Student Loans

When it comes to student loan debt, it is almost never automatically discharged in a bankruptcy. If you are looking to have your student loans forgiven, you must prove to the court that making your student loan payments would cause you undue hardship. To do this, you have to prove that making your student loan payments would not allow you to maintain a minimal standard of living, you will likely be in a tight financial situation for the remainder of your student loan repayment period and you have made a decent number of payments in good faith on your loans.

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TX bankruptcy attorney, Texas bankruptcy lawyer Many people believe that being married means you automatically take on your partner’s debt. While it is true that assets you accrue during the marriage can be considered joint assets, that is not always the case for debts. You will only be legally responsible for your spouse’s debts if both of your names were used when you incurred the debt. It is not uncommon for only one spouse in a marriage to file for bankruptcy individually. Many of these single-spouse situations happen when a couple is married and one spouse has debt that they are having trouble repaying. For some couples, a major concern is whether or not they should file for bankruptcy jointly or separately.

Community Property and Community Debts

Before you decide if you will be filing for bankruptcy separately or with your spouse, it is important to look at the entire situation. Texas is a community property state, meaning that most of the property that was acquired during the marriage is jointly owned, or belongs to the “community,” which is you and your spouse. Because of this, even if just one spouse files for bankruptcy, all of the community property becomes part of the bankruptcy estate.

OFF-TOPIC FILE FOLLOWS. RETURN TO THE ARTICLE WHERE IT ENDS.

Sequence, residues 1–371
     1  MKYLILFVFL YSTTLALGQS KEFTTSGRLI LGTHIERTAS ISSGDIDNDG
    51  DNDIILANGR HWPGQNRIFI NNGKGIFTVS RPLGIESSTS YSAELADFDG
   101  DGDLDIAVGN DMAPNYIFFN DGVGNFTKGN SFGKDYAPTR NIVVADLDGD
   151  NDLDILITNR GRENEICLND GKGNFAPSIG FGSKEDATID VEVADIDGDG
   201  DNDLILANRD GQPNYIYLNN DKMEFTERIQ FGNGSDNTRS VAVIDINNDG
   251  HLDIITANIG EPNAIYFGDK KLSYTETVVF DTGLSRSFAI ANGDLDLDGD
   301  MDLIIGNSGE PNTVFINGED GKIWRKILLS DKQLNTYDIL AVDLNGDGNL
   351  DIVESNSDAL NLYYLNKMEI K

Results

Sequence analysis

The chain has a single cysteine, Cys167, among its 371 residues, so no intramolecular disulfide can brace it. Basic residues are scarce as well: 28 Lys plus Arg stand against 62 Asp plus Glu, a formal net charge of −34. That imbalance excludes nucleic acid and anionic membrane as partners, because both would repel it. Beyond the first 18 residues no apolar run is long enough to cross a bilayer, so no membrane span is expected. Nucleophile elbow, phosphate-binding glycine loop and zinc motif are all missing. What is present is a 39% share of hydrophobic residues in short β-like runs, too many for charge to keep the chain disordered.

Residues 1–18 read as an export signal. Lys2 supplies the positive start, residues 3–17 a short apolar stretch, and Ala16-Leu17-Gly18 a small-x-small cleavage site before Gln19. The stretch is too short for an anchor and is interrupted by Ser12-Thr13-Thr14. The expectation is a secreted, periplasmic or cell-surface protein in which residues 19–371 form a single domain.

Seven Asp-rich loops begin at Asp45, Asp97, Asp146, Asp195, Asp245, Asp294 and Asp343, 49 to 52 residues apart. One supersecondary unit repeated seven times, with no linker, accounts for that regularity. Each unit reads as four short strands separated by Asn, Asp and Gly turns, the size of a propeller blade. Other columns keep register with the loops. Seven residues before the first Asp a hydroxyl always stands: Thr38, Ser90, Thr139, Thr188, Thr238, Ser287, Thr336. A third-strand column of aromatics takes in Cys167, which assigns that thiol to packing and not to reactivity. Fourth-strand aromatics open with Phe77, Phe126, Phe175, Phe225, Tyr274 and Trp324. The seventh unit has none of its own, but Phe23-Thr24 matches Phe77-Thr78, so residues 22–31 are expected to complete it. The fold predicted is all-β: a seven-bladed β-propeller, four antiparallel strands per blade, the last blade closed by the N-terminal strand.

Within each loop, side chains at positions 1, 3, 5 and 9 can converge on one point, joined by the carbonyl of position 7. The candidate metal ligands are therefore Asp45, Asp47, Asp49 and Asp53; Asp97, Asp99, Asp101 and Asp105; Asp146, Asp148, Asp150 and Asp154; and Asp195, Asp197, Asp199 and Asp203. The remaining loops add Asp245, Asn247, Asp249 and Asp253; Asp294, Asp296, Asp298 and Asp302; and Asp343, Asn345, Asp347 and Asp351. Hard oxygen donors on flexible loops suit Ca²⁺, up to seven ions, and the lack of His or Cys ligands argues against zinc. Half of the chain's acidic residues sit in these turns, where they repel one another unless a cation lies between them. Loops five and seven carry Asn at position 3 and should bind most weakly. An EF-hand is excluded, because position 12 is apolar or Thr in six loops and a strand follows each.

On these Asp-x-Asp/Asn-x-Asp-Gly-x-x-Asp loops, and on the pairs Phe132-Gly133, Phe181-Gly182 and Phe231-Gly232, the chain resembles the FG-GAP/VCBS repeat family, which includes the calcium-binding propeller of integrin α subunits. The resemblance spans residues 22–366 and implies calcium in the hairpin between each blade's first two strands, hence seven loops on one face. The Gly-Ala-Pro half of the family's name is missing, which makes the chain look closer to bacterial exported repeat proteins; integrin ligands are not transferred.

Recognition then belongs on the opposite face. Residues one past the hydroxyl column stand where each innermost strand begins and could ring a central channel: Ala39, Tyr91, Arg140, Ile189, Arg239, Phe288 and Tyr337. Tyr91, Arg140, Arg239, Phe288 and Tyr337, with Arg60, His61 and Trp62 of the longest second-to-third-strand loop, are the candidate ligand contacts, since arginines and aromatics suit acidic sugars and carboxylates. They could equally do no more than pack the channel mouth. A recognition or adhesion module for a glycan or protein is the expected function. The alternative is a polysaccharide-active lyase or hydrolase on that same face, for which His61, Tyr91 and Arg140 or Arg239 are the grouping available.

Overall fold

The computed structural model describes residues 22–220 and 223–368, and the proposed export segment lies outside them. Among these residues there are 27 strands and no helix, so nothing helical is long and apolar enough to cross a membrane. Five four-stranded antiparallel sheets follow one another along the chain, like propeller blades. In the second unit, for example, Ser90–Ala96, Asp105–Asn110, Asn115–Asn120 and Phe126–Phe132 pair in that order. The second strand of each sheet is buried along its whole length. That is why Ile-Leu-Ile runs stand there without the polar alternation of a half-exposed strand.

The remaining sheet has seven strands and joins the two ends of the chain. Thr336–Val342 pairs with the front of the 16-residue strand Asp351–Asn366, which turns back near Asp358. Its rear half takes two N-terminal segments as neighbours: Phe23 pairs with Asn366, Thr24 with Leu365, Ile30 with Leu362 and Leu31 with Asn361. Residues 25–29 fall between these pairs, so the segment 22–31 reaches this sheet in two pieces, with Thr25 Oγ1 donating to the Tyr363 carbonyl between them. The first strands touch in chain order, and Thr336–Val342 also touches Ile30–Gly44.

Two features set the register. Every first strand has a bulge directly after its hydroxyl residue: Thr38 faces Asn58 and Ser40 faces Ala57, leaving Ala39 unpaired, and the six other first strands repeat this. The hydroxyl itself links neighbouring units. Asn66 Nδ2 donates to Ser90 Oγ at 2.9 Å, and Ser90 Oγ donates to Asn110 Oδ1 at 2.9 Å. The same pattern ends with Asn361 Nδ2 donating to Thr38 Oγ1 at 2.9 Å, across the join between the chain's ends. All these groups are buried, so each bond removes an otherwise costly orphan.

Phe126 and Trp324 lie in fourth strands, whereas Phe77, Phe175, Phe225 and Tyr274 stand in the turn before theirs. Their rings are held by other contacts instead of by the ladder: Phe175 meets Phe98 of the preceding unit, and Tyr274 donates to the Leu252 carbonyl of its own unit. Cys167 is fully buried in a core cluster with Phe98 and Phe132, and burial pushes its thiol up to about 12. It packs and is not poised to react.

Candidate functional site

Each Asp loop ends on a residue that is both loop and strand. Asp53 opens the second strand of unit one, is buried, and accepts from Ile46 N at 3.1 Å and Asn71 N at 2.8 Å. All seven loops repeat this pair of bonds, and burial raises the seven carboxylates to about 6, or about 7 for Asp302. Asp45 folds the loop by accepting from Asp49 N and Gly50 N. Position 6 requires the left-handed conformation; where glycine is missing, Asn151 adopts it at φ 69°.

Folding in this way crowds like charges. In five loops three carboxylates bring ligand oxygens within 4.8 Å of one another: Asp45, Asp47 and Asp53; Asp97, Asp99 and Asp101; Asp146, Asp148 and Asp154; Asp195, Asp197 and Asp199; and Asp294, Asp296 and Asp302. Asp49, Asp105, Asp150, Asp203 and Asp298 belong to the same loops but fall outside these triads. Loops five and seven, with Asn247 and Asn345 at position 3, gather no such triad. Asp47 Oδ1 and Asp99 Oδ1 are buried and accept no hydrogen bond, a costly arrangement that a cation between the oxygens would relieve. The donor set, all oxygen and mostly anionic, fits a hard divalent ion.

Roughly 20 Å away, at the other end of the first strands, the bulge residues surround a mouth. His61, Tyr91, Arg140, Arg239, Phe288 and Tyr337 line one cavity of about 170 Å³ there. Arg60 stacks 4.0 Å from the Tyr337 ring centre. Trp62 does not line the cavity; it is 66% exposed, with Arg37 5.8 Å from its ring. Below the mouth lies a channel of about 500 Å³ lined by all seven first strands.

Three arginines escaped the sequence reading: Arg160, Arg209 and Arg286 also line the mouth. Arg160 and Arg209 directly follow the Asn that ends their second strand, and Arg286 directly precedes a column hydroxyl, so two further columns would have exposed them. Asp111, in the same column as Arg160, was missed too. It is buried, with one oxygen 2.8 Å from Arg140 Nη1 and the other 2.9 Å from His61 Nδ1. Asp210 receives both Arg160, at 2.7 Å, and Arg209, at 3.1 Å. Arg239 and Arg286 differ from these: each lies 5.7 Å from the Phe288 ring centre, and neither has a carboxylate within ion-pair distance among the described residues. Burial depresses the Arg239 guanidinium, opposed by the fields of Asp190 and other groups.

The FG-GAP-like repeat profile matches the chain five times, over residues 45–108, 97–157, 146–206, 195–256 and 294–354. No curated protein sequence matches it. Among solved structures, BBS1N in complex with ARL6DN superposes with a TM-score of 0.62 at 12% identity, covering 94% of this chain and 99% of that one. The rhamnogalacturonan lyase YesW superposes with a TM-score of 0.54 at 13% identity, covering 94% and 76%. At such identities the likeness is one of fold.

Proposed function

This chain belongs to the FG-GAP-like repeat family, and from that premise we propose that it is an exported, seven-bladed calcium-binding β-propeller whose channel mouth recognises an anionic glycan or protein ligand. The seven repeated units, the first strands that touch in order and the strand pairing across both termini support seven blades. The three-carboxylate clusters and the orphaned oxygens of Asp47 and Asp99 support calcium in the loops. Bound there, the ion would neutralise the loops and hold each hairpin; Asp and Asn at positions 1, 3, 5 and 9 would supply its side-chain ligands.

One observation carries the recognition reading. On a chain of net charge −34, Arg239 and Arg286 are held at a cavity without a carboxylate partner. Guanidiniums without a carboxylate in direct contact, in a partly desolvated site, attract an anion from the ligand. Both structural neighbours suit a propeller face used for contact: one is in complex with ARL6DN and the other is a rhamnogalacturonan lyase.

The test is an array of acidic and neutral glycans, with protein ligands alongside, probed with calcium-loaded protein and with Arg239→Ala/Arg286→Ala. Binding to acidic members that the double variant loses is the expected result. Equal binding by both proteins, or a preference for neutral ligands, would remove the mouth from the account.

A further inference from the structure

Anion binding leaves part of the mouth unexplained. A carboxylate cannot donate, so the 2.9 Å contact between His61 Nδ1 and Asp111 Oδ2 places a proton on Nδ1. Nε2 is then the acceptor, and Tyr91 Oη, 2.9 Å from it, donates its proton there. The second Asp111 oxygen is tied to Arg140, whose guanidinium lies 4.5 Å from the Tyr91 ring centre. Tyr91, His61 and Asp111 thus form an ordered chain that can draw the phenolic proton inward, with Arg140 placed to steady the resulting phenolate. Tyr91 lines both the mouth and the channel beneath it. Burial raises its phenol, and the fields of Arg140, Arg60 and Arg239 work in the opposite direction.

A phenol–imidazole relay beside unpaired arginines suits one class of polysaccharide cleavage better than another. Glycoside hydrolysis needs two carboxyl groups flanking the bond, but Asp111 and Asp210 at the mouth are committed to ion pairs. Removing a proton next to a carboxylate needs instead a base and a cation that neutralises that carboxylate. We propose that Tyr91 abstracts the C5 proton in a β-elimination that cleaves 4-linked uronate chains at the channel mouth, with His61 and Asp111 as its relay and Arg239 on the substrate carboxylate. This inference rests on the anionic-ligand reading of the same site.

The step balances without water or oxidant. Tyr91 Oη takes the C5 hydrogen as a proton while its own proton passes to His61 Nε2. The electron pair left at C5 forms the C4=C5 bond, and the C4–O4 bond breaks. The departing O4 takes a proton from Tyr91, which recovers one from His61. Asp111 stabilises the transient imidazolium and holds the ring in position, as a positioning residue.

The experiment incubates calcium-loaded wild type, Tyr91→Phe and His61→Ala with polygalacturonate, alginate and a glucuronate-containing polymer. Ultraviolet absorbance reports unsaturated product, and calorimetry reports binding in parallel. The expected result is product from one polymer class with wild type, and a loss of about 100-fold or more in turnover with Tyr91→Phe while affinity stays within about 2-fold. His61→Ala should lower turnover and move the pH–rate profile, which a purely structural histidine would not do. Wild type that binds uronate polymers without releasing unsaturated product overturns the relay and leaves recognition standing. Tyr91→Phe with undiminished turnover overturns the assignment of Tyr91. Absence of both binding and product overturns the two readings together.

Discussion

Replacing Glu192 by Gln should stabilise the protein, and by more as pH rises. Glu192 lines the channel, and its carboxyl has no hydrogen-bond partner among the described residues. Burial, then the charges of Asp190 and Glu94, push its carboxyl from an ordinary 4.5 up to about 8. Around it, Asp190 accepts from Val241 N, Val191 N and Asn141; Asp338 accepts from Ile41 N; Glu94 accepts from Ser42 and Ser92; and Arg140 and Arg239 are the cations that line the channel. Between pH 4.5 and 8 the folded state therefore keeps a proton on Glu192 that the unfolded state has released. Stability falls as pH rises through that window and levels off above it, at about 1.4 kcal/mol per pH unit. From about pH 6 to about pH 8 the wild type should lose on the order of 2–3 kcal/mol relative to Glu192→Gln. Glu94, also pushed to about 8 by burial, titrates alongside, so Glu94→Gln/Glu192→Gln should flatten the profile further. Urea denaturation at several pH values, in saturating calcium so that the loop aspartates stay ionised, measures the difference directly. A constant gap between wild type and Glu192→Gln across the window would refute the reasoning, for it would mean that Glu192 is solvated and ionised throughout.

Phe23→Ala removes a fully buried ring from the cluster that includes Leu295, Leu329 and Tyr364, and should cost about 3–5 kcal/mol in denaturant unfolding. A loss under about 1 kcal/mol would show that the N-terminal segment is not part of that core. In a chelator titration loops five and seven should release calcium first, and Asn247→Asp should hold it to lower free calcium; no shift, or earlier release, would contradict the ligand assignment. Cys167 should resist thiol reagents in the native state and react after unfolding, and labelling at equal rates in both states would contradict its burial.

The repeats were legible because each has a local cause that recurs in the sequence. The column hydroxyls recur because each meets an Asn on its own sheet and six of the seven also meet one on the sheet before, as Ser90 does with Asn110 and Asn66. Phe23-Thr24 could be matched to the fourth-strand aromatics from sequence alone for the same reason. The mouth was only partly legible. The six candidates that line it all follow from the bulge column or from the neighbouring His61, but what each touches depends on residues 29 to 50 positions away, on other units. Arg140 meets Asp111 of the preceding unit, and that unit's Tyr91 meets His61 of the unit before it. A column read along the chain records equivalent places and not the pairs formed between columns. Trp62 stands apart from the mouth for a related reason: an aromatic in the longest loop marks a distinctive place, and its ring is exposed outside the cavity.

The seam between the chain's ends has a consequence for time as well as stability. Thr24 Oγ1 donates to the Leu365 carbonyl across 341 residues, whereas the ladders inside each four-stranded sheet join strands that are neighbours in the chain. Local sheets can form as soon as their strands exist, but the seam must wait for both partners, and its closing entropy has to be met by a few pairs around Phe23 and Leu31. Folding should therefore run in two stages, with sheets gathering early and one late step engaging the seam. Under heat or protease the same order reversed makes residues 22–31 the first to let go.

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Posted on in Bankruptcy

Texas bankruptcy attorneyComing to the decision that your best option is to file for bankruptcy is not easy. You may have taken weeks, if not months to realize that your best option is bankruptcy. The bankruptcy process can be confusing because of all of the legalities and people involved with the process. When you file for bankruptcy, the United States Trustee Program will assign you a bankruptcy trustee who will be responsible for overseeing your case. The trustee is one of the most important people in your case, so it is crucial that you understand the role of the trustee and the impact the trustee can have on your case.

What Is a Bankruptcy Trustee?

The role of a trustee was created to prevent the creditors and courts from having to be the ones responsible for collecting and distributing the property of those who file for bankruptcy. Trustees are independent contractors who are not employees of the bankruptcy court, but they must answer to the court and cannot take any kind of action until the court approves it. The trustee will evaluate and make recommendations pertaining to the demands of different debtors involved in the specific bankruptcy case they are assigned to.